*Giulio Malberti and Thom Adcock*

In late 2017, Bitcoin was in the spotlight for its extraordinary return. But how volatile is it?

To consider Bitcoin volatility, we look at 10-day returns (capital standards typically estimate market risk over a 10-day period) since 19 July 2010, when Bloomberg’s Bitcoin data start. We compare Bitcoin with assets in three categories – currency pairs, commodities and equities – and for each we have picked one low-volatility asset and one more volatile asset. For currency pairs and commodities, we chose the most and least volatile ones (in terms of standard deviation of 10-day returns) out of the most liquid in each category. And we chose the most and least volatile FTSE 100 equities (again, in terms of standard deviation of 10-day returns).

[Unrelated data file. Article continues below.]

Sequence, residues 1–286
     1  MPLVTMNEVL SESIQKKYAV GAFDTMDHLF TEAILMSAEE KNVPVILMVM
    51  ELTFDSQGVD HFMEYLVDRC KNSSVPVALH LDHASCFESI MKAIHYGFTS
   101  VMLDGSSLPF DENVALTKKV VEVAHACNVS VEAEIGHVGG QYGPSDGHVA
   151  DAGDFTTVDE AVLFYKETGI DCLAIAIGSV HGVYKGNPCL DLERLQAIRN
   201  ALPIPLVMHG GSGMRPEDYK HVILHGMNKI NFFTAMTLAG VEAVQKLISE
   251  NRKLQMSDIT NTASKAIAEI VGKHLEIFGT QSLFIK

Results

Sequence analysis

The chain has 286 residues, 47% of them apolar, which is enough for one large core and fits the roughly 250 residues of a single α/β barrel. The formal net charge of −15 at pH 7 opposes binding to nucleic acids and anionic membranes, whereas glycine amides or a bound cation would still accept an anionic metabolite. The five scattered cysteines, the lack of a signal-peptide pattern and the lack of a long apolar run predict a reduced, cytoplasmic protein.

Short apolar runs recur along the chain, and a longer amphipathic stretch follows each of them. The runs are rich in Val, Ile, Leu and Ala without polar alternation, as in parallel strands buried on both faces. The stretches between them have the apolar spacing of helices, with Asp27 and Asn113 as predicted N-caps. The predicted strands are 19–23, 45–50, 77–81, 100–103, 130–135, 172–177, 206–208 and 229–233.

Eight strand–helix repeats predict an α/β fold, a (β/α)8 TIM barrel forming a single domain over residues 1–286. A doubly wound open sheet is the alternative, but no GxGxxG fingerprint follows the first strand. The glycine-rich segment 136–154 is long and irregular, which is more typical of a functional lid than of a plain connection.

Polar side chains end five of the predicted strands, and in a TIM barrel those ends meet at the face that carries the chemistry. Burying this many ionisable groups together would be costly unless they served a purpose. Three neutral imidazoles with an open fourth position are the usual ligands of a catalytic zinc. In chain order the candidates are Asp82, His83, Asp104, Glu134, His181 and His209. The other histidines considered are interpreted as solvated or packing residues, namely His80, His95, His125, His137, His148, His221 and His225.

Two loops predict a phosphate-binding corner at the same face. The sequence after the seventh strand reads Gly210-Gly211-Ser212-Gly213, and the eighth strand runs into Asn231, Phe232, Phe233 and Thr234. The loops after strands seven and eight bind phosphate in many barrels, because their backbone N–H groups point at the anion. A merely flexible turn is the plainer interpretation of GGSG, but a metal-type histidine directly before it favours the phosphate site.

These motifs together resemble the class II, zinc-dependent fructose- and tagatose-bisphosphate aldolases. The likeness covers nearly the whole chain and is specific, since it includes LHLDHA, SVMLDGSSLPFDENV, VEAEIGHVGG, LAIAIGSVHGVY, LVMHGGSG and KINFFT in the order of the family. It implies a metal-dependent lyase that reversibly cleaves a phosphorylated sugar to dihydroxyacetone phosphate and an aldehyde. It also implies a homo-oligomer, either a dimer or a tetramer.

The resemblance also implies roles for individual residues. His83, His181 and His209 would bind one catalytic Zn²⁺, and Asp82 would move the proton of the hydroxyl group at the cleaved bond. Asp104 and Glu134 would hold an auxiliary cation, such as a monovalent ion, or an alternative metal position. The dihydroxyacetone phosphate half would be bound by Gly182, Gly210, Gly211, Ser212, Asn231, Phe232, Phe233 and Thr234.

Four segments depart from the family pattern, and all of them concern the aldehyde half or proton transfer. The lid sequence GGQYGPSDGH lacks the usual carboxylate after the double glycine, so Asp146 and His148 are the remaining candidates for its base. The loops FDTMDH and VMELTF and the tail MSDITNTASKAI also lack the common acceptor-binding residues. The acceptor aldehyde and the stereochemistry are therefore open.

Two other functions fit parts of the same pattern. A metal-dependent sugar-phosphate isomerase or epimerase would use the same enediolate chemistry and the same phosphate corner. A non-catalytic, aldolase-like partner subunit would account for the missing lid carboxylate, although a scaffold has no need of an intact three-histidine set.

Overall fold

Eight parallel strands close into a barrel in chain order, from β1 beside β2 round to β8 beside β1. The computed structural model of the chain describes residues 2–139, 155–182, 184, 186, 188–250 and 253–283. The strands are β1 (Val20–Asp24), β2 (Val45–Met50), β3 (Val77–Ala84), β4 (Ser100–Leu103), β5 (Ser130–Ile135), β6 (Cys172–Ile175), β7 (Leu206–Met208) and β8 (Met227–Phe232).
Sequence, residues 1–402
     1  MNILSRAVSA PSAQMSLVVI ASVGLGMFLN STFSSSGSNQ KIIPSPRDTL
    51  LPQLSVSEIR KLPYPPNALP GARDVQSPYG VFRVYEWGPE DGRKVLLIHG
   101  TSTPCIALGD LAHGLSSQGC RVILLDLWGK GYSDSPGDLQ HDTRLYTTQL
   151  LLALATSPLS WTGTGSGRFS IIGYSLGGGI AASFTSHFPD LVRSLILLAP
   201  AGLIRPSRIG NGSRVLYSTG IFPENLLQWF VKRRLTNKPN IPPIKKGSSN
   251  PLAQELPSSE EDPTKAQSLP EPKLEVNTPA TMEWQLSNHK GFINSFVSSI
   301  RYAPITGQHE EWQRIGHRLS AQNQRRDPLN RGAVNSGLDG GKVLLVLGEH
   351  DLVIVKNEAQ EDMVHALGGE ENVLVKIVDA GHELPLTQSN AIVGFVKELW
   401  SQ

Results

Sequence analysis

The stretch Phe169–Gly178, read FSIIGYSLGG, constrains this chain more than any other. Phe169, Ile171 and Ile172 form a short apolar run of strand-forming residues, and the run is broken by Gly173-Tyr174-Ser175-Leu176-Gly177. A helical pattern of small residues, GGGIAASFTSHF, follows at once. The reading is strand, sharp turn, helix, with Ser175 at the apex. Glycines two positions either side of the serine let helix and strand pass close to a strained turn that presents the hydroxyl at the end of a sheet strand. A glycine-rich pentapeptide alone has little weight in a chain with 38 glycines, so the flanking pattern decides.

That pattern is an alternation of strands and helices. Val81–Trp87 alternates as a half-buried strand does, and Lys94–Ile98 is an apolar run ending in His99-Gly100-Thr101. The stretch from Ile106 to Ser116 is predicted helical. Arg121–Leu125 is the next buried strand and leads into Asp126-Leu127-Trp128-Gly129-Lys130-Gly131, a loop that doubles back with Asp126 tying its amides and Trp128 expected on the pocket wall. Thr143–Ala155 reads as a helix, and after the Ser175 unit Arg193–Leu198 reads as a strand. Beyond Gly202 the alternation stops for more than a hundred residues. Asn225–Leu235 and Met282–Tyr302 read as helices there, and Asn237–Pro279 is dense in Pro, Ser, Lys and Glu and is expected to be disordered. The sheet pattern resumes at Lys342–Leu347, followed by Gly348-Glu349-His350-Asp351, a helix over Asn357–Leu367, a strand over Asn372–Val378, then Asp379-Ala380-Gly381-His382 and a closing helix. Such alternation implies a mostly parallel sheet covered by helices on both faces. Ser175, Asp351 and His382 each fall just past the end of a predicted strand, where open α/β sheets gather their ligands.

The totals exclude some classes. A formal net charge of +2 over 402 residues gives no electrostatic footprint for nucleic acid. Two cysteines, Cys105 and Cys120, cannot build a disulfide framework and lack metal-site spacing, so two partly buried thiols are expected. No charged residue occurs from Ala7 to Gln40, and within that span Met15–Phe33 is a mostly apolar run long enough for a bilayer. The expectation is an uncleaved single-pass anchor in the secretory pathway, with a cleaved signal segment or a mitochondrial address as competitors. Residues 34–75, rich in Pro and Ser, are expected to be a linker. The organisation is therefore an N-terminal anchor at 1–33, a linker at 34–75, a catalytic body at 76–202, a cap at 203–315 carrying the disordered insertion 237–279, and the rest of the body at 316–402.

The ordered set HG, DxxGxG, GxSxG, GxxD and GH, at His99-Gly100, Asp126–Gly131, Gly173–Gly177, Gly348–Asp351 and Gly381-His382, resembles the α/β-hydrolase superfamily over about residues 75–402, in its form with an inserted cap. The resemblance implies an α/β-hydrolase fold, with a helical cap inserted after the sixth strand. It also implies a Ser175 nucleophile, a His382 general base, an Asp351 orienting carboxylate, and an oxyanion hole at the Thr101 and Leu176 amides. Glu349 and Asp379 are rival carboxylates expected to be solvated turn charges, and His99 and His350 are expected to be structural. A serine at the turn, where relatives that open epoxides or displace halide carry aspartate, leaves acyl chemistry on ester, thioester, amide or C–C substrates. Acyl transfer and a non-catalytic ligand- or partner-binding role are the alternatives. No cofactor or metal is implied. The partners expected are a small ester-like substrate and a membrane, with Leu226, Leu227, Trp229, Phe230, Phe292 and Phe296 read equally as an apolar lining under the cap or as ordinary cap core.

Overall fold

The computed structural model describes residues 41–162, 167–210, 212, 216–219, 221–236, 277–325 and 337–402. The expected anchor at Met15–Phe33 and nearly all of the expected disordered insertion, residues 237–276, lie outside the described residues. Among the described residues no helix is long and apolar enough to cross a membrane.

For stable assets we expect a peaked distribution with short tails, as returns cluster near 0%. **Figure 1** shows that Bitcoin has been more volatile than any other asset in our sample.

**Figure 1**

But people are often interested in the downside risk of assets. We therefore consider how Bitcoin’s Value at Risk (VaR) compares to other assets. VaR is the maximum loss over a given time interval under normal market conditions at a given confidence interval (eg 99%). A 10-day 99% VaR of -10% tells you that 99% of the time your 10-day return on the asset would be no worse than a 10% loss.

**Figure 2** shows Bitcoin’s VaR is high, but the VaR of the other most liquid crypto-assets is higher. TRON’s VaR to date (-84%) is almost twice Bitcoin’s (-44%).

**Figure 2**

**Giulio Malbe***rti and Thom Adcock work in the Bank’**s Banking Policy Division.*

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